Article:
An unexpected medical bill of whopping USD 117,000 came as an extremely unpleasant surprise for a New York City bank technology manager who has undergone a neck surgery to get his herniated disks repaired in December last year.
Being a banker, Peter Drier, had done a good homework on his insurance coverage and medical expenses prior to the surgery but a fat bill from an assistant surgeon was a big shock for him.
Drier was well-prepared for the medical bills from the surgeon, the anesthesiologist and the hospital as they all were covered under his insurance plan. Besides, all three would accept their negotiated charges. But the additional fees charged by the assistant surgeon were out of network of the insurance coverage.
Drier’s medical insurance firm, Anthem Blue Cross Blue Shield, had agreed to protect him for the unexpected out-of-network bill saying that it was not his fault and he is not liable to pay the assistant surgeon cost as they will cut a cheque for the total amount of the bill for him.
The moral of the story here is: have insurance because the insurer — or better yet the government — will pay the $117,000 so you don’t have to! In reality, not even the government knows what it is paying, even when it pays it. Take the case of Miami-Dade who will not be told what they are being billed for by their own insurance company.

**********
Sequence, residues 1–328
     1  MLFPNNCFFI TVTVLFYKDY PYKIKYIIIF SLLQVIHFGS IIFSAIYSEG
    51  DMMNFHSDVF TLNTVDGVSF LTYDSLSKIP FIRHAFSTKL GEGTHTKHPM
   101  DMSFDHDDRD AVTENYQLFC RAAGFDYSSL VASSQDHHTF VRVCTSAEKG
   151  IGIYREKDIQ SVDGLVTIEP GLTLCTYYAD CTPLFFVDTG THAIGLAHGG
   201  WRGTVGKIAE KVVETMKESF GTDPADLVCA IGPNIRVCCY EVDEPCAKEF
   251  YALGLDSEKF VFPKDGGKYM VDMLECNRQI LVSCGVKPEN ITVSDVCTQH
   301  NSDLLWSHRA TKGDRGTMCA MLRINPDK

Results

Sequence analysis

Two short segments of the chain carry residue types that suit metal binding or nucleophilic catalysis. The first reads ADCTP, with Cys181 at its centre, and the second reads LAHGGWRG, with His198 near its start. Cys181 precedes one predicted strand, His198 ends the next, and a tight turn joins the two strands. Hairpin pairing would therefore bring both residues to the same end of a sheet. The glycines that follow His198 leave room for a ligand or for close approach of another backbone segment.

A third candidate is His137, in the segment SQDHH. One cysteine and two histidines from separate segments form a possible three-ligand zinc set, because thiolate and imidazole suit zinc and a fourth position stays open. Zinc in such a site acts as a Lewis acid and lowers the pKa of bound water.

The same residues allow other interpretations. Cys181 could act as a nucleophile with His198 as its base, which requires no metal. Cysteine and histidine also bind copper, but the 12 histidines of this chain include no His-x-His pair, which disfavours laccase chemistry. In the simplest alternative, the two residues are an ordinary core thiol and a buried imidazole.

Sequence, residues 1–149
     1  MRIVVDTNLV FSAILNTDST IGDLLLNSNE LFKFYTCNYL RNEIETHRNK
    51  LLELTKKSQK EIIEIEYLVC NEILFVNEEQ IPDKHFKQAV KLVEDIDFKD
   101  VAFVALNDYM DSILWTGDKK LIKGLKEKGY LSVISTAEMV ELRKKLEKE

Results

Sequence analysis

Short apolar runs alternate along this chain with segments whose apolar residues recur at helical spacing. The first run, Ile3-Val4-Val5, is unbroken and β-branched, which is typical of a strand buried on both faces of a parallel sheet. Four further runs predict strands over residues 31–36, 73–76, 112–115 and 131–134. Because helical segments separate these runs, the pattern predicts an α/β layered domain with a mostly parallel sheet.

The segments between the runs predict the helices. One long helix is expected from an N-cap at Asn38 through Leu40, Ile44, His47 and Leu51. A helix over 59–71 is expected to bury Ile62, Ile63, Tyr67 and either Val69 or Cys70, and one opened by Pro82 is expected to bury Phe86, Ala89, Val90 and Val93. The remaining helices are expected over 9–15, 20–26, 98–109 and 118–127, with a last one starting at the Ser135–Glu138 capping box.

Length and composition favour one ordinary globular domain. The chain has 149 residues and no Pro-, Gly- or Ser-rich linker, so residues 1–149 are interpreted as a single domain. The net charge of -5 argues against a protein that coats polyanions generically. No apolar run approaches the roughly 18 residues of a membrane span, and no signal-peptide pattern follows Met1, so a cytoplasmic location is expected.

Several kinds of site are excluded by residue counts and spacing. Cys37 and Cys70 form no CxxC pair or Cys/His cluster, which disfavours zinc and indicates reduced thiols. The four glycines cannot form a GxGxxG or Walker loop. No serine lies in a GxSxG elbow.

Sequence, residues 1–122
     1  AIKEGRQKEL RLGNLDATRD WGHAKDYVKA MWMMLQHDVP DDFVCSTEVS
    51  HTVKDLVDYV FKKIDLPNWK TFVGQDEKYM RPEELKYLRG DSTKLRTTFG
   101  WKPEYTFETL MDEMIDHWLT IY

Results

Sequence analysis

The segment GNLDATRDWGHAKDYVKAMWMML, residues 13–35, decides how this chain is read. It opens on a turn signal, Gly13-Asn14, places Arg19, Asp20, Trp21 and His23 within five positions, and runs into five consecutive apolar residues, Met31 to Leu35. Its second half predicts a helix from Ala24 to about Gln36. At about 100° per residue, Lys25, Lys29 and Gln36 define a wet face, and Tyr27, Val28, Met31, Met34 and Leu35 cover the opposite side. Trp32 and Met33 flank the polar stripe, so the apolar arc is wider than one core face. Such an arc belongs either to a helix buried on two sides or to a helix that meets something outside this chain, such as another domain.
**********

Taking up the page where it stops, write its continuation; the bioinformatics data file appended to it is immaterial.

Last year, Miami-Dade County employees, retirees and dependents cost the county’s health plan about $2.25 million for medical procedures that fell under an obscure-sounding category called “major joint replacement or reattachment of lower extremity,” according to AvMed Health Plans, manager of the county plan.
But even though at least eight hospitals provided the service — which could range from a hip replacement to reattachment of a foot — no two hospitals were paid the same amount.
The average payment varied widely — from $12,644 at Memorial Hospital West in Pembroke Pines up to $37,622 at Doctors Hospital in Coral Gables. Even among hospitals next door to each other, the average payment was significantly different: $29,978 at University of Miami Hospital but $13,475 at Jackson Memorial Hospital across the street. …